Since Feb. 14, Marjory Stoneman Douglas High School’s student activists have been a political force to be reckoned with — in-person and on social media. In the days immediately following the shooting, the students’ voices served as mere soundbites to supplement the 24-hour news cycle; a few days, tweets and Facebook events later, they emerged as leaders of the #NeverAgain movement, organizing and partaking in walkouts, rallies and political confrontations — fearless, angry and emboldened by their trauma.
Most Americans were surprised — and simultaneously inspired — by the strength these teenagers exhibited through on-camera interviews and social media, boldly clapping back at conspiracy theorists, politicians and conservative commentators in their efforts to delegitimize the students’ experience-driven activism.
Perhaps most surprising was their ability to engage and inspire a movement of young activists through their digital voices alone, while remaining light-hearted, relatable and unabashedly confrontational about what they want: stricter gun laws and a ban on assault weapons nationwide.
Personally, I wasn’t surprised by their online success.
I’m only a year or two older than Emma González, Cameron Kasky, David Hogg and Jaclyn Corin — the most recognizable (and Twitter-verified) names of the student activists. I’m not as surprised as I am proud of these activists for showing America the power of advocacy amplified through social media — the ability to utilize online platforms to magnify their story, regain control of their narrative and organize a campaign against their opponents.
Hogg, through various tweets, had singlehandedly called for the boycotting of companies that supported the National Rifle Association, leading to severed ties with businesses like Enterprise Rent-A-Car and First National Bank of Omaha.
González has already amassed over 1 million Twitter followers, 400,000 more than the official NRA Twitter. She’s best known for her “We call BS” speech at a gun control rally and fearless interruption of NRA spokesperson Dana Loesch at the CNN Town Hall.
This generation — my generation — grew up immersed in the digital space, but our voices expand beyond the virtual abyss. We learned how to craft our own virtual profiles; we taught ourselves to be digitally literate; we conversed through chat rooms and forum pages through strange acronyms and emojis; we utilized Facebook event pages to invite friends to our birthday parties and witnessed the conception of trending hashtags on Twitter.
All of this digital knowledge, when transferred into a purpose for advocacy, whether it be through the Women’s March, Black Lives Matter, Graduate Student Tax Walkout or the March For Our Lives movements, becomes an unstoppable force — a force the world has only just begun to recognize.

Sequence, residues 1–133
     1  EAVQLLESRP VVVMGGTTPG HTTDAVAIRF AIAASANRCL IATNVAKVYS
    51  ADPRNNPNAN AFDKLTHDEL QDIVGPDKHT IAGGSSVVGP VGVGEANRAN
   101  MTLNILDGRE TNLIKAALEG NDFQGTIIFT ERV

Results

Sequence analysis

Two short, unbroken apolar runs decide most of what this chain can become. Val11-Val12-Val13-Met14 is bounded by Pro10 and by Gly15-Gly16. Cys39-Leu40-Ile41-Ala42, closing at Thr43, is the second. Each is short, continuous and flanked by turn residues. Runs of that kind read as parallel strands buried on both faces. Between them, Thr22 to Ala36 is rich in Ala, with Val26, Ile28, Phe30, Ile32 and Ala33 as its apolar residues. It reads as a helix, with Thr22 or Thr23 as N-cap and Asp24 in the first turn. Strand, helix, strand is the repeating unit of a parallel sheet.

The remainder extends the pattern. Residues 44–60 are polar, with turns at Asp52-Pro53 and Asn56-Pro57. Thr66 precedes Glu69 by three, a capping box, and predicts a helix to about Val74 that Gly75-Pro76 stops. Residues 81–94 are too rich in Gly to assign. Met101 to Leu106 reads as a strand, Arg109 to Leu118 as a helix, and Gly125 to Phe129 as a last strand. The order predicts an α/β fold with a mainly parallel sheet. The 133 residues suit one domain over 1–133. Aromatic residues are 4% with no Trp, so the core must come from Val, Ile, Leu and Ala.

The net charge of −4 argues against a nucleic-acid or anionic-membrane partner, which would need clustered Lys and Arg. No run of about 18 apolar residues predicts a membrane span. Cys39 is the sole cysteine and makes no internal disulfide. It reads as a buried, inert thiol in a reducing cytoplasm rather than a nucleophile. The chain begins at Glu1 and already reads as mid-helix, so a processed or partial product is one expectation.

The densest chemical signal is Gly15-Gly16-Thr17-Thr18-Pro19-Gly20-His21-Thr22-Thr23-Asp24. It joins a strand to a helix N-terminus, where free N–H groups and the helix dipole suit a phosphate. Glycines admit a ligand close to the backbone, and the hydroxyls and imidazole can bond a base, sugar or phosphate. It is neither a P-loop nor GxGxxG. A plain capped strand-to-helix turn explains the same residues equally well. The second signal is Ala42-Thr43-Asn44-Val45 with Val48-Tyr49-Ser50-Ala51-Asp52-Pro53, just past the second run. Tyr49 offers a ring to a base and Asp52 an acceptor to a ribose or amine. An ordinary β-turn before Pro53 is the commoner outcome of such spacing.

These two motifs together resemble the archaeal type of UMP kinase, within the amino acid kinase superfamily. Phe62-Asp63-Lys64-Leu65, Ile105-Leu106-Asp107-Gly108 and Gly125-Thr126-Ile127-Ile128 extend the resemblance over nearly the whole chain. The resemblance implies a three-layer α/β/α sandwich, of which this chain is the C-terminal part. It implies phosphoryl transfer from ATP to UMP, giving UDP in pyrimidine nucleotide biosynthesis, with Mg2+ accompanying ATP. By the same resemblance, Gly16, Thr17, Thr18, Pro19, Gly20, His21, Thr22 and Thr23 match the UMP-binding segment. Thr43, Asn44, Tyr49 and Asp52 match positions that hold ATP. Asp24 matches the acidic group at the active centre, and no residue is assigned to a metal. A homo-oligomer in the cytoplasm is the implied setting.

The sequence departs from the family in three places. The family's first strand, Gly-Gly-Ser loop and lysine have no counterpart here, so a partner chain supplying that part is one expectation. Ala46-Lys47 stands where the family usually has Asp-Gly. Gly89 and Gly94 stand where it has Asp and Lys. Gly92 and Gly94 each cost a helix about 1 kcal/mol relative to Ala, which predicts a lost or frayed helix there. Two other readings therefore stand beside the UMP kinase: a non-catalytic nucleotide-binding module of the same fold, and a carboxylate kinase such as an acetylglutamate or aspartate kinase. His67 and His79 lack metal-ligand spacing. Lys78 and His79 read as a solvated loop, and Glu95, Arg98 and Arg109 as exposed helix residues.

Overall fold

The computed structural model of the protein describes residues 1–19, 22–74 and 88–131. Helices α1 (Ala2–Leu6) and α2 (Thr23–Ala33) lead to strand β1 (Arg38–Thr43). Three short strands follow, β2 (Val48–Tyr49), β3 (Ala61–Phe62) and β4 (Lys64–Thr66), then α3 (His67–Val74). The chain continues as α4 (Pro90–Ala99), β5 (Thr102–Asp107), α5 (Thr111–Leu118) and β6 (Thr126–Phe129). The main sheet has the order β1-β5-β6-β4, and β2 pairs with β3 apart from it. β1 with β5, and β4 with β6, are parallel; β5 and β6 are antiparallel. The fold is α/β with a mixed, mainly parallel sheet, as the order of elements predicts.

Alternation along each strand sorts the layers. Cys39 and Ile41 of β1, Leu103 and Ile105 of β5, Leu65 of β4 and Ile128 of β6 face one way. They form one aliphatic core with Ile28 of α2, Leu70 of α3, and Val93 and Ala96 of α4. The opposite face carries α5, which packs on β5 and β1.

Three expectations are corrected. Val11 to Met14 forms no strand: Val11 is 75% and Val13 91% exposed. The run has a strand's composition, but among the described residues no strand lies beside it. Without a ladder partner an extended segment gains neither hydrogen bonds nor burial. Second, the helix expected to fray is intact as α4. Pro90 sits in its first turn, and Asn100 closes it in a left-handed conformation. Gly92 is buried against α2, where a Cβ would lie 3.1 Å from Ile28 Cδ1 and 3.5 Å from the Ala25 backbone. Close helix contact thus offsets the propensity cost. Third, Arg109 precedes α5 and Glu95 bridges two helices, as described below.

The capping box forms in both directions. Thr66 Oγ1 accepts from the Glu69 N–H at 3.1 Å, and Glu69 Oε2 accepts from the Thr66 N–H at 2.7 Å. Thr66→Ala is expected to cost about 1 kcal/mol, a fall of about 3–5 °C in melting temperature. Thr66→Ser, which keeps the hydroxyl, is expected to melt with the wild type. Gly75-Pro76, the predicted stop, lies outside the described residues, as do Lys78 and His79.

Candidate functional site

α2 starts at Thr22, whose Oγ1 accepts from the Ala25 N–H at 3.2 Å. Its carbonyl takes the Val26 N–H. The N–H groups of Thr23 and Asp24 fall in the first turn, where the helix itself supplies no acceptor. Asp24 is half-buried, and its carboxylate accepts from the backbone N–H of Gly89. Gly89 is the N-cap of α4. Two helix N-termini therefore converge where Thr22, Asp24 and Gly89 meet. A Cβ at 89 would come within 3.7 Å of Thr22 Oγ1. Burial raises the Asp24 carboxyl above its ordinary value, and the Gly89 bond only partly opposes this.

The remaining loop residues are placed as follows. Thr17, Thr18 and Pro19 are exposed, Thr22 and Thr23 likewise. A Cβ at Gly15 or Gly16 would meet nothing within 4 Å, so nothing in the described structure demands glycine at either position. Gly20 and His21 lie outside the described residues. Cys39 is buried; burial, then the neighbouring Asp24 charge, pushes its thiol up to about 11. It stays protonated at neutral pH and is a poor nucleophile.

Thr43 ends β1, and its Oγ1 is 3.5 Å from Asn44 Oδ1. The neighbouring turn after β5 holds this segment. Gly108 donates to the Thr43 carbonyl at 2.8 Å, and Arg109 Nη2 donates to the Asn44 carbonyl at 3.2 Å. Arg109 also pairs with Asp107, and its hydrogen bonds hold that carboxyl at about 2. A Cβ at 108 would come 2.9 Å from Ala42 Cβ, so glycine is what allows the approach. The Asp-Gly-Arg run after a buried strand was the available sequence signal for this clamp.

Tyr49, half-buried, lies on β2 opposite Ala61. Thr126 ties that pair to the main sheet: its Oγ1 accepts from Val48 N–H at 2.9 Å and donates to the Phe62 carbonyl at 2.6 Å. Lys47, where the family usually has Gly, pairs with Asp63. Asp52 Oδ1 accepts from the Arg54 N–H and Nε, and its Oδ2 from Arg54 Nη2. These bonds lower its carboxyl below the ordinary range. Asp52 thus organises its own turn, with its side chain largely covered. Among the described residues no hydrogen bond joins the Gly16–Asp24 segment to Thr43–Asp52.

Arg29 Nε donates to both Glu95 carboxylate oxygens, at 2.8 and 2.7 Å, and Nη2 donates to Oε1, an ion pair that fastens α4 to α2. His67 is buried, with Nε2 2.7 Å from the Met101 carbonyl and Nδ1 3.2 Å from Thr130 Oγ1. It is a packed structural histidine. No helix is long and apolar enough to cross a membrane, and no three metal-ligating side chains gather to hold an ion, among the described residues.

Young people have always been at the forefront of large-scale political movements, domestically and globally. The Civil Rights movement and the Vietnam War protests were spearheaded by young people, many of whom were college students.
Millennials and later generations are constantly portrayed as privileged, lazy and shallow as a result of the technological advances they have grown accustomed to. Instead, access to digital devices have fostered a diverse and empathetic generation of individuals who can virtually experience and educate themselves on issues to which they otherwise would not be exposed.
As González said, they are able to utilize the internet to ensure they are well-versed in their political opinions and ensure their arguments are watertight, so that no pundit or fact-checker would be able to dismiss them.
Equipped with tenacity and the experience-driven authority of their statuses as survivors, these student activists embody the future of political activism, one that has rapidly gained ground through smart social media strategies and cutting tweets aimed at politicians.
In an interview with ABC, Hogg admitted his generation did enjoy certain privileges that allowed them to complain. And with complaints comes blatant criticism — something the student activists and other voices of this generation are not afraid to express when it comes to political issues.
Although many individuals from older generations disregard digital platforms as a means for enacting social and political change, the foundations of grassroots organization are found within tweets, Facebook events and online forums. These spaces encourage communication and dialogue surrounding important community issues that were once touched upon through only physical campaigning and canvassing.
And the force of these campaigns, which has emerged from the burst in political engagement following the 2016 presidential election, will only grow with the ubiquity of online platforms.
Terry Nguyen is a sophomore majoring in journalism and political science. She is also the features editor of the Daily Trojan. Her column, “Digitally Yours,” runs every other Tuesday.